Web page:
The announcement on Sept. 6 from Sen. Susan Collins of Maine and Sen. Joseph Lieberman of Connecticut that the Senate's Homeland Security and Government Operations Committee would conduct an investigation into the aftermath of Hurricane Katrina's assault on the Gulf Coast was not welcome news.
Though Republicans outnumber Democrats on the committee nine to seven, the GOP members include such Republican critics of George W. Bush as George Voinovich of Ohio and Lincoln Chafee of Rhode Island. Other GOP members like John Warner and Pete Domenici have never been known as tough infighters when the Democrats go hyper-partisan, and this investigation is certain to be as partisan as the storm's path was destructive.
While a rapper was denouncing the president as uncaring for blacks in a nationally televised NBC special designed to raise money for the victims of the storm, and the mayor of New Orleans and governor of Louisiana were blasting every Bush administration official they could name, the internet was alive with fierce condemnation of the White House. Now comes a Senate committee that in the best Queen of Hearts tradition appears to have reached its verdict before the trial begins.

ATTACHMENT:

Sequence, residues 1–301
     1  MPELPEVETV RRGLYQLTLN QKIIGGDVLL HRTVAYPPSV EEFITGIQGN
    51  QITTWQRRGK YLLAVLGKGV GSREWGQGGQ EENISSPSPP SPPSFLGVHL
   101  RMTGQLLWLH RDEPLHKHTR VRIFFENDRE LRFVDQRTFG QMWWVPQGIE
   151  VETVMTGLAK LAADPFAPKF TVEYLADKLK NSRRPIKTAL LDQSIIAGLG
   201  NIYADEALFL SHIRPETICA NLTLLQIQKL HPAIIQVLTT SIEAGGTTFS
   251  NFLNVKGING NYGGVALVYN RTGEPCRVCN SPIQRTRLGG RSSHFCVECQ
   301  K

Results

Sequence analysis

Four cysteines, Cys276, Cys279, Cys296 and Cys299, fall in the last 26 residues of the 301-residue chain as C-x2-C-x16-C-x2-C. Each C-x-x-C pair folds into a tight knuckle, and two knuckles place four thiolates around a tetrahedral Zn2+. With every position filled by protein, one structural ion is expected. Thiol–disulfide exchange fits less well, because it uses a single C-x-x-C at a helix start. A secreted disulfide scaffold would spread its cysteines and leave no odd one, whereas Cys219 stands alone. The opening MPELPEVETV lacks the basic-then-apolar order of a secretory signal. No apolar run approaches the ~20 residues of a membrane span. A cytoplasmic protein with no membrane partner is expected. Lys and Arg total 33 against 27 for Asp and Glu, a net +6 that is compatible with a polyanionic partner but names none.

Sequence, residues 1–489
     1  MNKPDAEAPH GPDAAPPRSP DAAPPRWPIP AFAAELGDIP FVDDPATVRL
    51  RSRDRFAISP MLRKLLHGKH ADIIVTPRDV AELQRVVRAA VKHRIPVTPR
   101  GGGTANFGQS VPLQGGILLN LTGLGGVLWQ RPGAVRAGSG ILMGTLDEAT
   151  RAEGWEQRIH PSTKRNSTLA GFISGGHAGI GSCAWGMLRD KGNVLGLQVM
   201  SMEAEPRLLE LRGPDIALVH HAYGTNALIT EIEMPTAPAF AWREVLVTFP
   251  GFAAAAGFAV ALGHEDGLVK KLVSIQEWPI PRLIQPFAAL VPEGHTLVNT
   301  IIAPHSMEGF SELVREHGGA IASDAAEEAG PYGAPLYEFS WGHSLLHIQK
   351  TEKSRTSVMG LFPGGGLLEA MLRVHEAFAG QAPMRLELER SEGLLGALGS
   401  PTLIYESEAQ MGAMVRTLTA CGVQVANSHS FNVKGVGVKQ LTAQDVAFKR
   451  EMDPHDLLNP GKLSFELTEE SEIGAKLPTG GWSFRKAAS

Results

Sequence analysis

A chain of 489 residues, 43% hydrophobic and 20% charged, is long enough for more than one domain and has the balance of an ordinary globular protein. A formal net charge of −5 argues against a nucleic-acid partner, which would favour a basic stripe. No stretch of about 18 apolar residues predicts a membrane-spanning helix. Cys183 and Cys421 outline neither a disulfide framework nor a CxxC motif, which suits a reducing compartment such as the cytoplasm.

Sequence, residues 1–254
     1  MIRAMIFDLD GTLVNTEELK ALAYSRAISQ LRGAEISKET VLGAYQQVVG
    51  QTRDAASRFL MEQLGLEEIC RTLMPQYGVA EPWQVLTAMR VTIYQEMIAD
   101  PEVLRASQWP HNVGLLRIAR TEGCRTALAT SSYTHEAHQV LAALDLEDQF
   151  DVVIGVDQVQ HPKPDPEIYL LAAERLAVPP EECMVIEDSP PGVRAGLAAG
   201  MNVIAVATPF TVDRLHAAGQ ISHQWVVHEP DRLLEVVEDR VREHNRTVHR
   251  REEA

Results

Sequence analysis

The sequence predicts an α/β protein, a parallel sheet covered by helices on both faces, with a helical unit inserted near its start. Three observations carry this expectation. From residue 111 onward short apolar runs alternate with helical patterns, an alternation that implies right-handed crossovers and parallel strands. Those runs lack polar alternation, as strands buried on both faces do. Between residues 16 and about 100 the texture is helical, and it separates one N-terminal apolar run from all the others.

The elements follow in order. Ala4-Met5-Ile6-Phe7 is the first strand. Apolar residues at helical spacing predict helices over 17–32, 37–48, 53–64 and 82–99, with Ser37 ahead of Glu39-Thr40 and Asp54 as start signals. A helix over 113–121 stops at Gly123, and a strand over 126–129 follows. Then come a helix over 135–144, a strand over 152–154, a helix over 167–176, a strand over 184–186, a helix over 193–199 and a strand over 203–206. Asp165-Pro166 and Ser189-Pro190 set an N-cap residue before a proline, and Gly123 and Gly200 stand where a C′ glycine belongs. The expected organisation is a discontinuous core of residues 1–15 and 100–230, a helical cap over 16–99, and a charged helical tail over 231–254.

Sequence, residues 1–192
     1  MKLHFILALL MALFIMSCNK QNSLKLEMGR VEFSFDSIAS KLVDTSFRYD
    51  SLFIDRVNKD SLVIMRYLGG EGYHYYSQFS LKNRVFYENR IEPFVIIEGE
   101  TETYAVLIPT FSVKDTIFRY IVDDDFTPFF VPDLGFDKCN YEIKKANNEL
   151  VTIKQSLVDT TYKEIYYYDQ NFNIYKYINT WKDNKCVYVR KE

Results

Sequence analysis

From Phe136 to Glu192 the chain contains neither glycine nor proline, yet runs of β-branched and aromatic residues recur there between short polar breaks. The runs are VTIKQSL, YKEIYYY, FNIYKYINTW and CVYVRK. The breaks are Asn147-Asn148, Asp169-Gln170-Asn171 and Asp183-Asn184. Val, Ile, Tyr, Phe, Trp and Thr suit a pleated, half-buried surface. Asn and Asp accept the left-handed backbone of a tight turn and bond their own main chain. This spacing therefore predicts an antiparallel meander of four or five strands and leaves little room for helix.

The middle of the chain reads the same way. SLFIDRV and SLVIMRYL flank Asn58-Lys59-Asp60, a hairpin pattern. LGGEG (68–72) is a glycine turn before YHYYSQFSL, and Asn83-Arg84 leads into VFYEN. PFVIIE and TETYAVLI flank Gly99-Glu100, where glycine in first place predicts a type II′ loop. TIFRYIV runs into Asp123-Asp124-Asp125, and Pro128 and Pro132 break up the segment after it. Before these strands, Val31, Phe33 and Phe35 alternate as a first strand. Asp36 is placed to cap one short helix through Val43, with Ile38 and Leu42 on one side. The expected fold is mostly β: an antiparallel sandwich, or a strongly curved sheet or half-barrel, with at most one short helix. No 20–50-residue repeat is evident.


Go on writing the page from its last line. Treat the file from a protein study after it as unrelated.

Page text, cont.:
Sen. Lieberman, in the press conference announcing the investigation, asserted with great certainty the "stunning fact" that "governmental failures in preparing for and responding to Hurricane Katrina allowed much more human suffering and property destruction to occur than should have" occurred. But the senator is assuming facts, and this is not the way to conduct an investigation. Answering questions before a single witness is called is a fine start to a witch hunt, which is what I am expecting from a committee that includes Michigan's Carl Levin and New Jersey's Frank Lautenberg.
It is Sen. Collins' job to assure that the witness list and the proceedings are not an elaborate dance choreographed to exonerate the locals at the expense of the feds, thus keeping the record in step with the elite media's diagnosis.